The district’s contract with the search firm is not to exceed $32,380, “plus additional reimbursement expenses approved in advance by the board, expressly contingent upon and subject to negotiation and approval of an agreement by district counsel.”

Immediately after Labor Day, the same week as the board of education’s September work session, Hazard, Young, Attea and Associates will hold its initial planning meeting with district leadership. Heineman announced that gathering would shape the timeline and steps involved in the search process.

“Once that is done we will inform the community of those next steps and provide information on the various avenues for gathering community input – whether via electronic surveys, interviews, parent focus groups or open forums. We are focused, working as a team, and the consultants will assist us in seeking input from the community and our constituent groups. We will keep the community and our staff informed and apprised of the process as it unfolds,” Heineman said.

The school board will next convene on Wednesday, September 6, for its monthly work session. At that meeting the board will present Garden City district goals for the 2017-2018 school year, as well as an update on the district’s work on the potential change to a later high school starting time, which could happen by fall 2018 at the earliest.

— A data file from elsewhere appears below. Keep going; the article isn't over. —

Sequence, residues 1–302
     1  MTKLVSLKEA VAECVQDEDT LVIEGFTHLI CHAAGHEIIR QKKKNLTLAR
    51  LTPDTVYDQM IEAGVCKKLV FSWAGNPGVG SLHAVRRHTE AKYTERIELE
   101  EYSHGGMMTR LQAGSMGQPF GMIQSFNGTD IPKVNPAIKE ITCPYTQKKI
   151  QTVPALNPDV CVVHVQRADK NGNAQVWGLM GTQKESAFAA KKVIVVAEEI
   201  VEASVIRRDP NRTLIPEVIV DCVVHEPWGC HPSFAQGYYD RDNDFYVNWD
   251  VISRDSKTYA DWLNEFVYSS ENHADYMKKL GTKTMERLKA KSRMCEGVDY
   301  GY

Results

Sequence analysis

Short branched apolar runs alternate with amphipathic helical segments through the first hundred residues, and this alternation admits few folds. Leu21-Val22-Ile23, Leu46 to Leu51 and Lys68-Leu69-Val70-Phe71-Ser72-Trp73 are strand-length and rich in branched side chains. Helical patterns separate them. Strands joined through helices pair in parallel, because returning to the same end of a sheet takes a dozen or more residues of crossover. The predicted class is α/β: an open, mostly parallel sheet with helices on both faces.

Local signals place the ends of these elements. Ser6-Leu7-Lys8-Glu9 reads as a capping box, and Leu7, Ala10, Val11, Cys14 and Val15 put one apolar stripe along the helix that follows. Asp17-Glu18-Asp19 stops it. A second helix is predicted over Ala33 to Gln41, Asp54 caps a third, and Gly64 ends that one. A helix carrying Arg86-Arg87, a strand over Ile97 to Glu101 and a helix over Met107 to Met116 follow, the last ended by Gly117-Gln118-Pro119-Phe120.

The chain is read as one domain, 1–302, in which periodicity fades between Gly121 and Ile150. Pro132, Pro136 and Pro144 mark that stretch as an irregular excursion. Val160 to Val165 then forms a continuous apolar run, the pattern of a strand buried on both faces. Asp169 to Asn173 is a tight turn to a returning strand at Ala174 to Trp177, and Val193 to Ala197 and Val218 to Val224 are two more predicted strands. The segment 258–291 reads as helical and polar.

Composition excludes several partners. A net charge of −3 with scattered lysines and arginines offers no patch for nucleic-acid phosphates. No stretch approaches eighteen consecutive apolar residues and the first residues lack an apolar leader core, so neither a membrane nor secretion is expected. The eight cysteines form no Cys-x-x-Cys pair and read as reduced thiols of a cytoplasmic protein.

In his first “Superintendent’s Report” in Garden City this week, Dr. Groveman commented on recent “Starting Time Study” meetings.

“We had a very, very preliminary review of enrollment projections and we will continue to ensure that we have valid and accurate of enrollment projections when we go through the discussions of changing the starting times. The board knows, but the public may not be aware, but the enrollment for this year in kindergarten is about 318 – well above the expectations and it required extra staffing. We will look at the probability of this continuing, and we’ll modify all the numbers to following the incoming kindergarten throughout the years. If the kindergarten changes then next year first grade changes, etc. That is evolving, and we also met with the district transportation department to get a view of what any possible change to district starting times would mean for transportation,” he said.

Groveman thanked Dr. Feirsen for his professional tutelage in the last five work days of July and for offering so much help in the transition. Dr. Groveman officially began his board-approved one-year contract to be superintendent on August 1, and he said with Dr. Feirsen taking a position at NYIT, weeks ahead of the fall semester, the college was very generous to “tolerate me extremely well,” he joked.

Heineman also commented on Groveman’s learning experiences in July, meeting with the district staff and board members, including herself. He also spent time coordinating with Central Office personnel and faculty members. Assistant Superintendents Dr. Edward Cannone and Dr. Maureen Appiarius also met with Dr. Groveman to discuss their respective departments: curriculum initiatives, professional development and personnel updates. In addition, the District Clerk and Assistant Superintendent for Business Dana DiCapua discussed details of the current school budget (2017-2018) and the projected 2018-2019 budget.